Sick animals (especially scouring calves) can shed enormous amounts of pathogens into the environment. Isolating these animals and eliminating any mingling of infirmed animals and newborns will greatly reduce the exposure risk to new born calves.

Immune Function:

Calf hood immune protection all starts with the first critical meal known as colostrum. Ensuring adequate intake and suckling behavior of the freshly born calf is important. Intake within the first few hours of life will increase the efficiency of colostrum antibody transfer into the calf. But colostrum quality all stems back to care of the cow. Previous research has shown proper nutritional supplementation to maintain Body Condition Score (BCS) will help increase both colostrum quality and quantity in the dam. Vaccination status of the dam can also play a critical role in calf health. Boosting immune function will transfer a higher level of antibody to those pathogens into the colostrum.


The solution to pollution is dilution! Reducing the environmental contamination of pathogens that new born calves are exposed to is a great way to reduce the risk of scours. These pathogens build up in the environment where cattle are housed for extended periods of time. An excellent program to reduce the contamination and risk of the disease is the Sandhills Calving System. The principles behind this system are 2-fold. First, calves born earlier in the calving season are exposed to smaller amounts of pathogens. Because of this, they typically do not break with disease. However, they do act as disease amplifiers. They will shed pathogens at a much higher rate., Separating calves by age group decreases the risk of exposure due to environmental contamination. Second, is limiting accumulation of pathogens on the calving ground, by calving in a “clean” area. These principles are put into practice by calving in 1 pasture or paddock for about 2 weeks. Then moving still pregnant cows to a new calving area to calve for another 2 weeks, leaving the cow/calf pairs in the first pasture. Continue until the youngest calf is a month of age, then the animals can be managed as one group again. The theory is sound, and in practice can work quite well. Unfortunately, many operations do not have the cross fencing, water access or space availability to manage this. But, any movement to break the disease cycle can make a major impact on the course of the disease. By understanding these principles of separation and minimizing contamination, several steps can be taken to mitigate the risk. Utilizing pregnancy check data, operations can split herds into calving groups to be managed in different pastures. This will decrease overall contamination in the pasture settings. Rotating feeding and resting areas throughout the pasture can also dilute the amount of contamination that newborn calves are exposed to. This may include utilizing portable windbreaks or shelters, rolling hay in different locations or moving hay feeders as the season progresses.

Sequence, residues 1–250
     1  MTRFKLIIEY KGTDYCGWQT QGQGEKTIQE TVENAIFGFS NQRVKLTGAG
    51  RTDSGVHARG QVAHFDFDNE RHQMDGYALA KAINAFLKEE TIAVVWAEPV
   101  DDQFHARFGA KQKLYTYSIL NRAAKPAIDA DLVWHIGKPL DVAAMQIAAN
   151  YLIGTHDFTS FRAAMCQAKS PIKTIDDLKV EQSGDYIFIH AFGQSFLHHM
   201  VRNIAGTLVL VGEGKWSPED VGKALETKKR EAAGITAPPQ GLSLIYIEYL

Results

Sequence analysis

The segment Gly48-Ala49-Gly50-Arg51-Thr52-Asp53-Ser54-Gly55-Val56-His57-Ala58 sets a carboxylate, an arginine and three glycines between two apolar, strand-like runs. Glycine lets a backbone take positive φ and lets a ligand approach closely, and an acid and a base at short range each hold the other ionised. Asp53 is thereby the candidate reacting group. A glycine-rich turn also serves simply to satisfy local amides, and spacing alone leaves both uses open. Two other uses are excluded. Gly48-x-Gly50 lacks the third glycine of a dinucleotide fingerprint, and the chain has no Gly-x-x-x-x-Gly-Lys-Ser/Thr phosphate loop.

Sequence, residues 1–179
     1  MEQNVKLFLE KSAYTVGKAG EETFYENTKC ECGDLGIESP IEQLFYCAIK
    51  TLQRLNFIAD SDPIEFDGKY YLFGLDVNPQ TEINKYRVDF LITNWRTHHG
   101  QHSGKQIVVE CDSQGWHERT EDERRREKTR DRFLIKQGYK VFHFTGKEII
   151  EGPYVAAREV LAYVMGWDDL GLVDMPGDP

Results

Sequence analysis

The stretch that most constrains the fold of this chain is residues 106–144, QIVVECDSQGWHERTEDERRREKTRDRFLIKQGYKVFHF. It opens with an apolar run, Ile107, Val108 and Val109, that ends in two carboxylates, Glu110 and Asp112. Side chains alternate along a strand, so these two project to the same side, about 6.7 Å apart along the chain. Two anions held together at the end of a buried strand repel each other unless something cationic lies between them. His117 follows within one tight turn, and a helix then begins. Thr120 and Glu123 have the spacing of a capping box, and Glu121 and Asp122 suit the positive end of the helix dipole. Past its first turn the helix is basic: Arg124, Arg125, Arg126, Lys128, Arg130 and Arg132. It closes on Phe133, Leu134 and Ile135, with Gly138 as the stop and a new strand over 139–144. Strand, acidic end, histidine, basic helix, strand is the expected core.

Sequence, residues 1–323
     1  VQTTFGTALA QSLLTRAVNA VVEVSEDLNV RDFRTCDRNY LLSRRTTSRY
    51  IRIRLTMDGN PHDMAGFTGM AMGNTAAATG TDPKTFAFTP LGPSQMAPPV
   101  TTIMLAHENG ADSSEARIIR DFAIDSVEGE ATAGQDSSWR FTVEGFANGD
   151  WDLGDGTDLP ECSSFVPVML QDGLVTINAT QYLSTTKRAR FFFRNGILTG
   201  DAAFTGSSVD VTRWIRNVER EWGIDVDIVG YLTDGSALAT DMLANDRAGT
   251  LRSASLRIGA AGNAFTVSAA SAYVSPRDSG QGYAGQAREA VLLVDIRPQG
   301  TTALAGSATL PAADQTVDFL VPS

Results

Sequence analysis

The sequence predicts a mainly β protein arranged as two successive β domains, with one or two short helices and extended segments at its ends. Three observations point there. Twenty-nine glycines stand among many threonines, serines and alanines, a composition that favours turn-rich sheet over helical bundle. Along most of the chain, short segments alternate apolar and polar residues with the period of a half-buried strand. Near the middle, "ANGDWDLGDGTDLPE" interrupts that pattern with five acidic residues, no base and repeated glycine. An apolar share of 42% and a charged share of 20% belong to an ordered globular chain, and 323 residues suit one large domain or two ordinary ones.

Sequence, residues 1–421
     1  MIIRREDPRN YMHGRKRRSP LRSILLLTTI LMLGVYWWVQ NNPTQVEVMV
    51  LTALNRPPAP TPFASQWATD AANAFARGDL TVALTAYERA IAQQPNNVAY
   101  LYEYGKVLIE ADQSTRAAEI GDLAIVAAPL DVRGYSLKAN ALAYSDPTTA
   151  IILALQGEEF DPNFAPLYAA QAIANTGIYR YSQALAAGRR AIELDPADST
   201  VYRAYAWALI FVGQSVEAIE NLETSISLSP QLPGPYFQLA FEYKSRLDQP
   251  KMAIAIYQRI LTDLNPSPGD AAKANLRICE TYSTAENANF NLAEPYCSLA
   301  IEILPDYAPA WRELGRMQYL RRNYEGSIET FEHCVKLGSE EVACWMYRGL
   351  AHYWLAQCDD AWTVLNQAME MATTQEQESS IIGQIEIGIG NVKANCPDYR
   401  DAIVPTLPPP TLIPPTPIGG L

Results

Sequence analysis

If a single calving area is utilized on the operation, strict management may be necessary to mitigate risk. Cows and newborn calves should be turned out into a “clean” pasture as soon as possible after birth. Ideally the pasture of choice should be filled with cows with calves of roughly the same age.

Barns and chute areas used to intervene during hard calving situations should also be kept clean. These areas also become contaminated through the season. Removing and replacing soiled bedding can reduce the pathogen load. After assisting births, cleaning teat ends of the cow will reduce the exposure of environmental pathogens during the calf’s first suckling opportunity.


Many scour pathogens can cause illness in people, this is known as zoonosis. Personal hygiene is critical to ensure ranchers don’t succumb to the same diarrhea causing bugs as their calves. Washing hands, wearing gloves, and disinfecting equipment can all reduce the chance of sickness.

Hygiene is also critically important to avoid accidental infection of newborn calves through handling and management procedures. Esophageal tube feeders, nursing bottles, gloves, boots, and coveralls can all carry dangerous pathogens from a sick calf to a newborn calf. Use separate tube feeders and equipment for sick calves, and be sure to wash them thoroughly between animals. Work flow is another important concept to consider. Handle sick or infirmed calves after any healthy calves or newborns. This will ensure there it not cross contamination from clothing.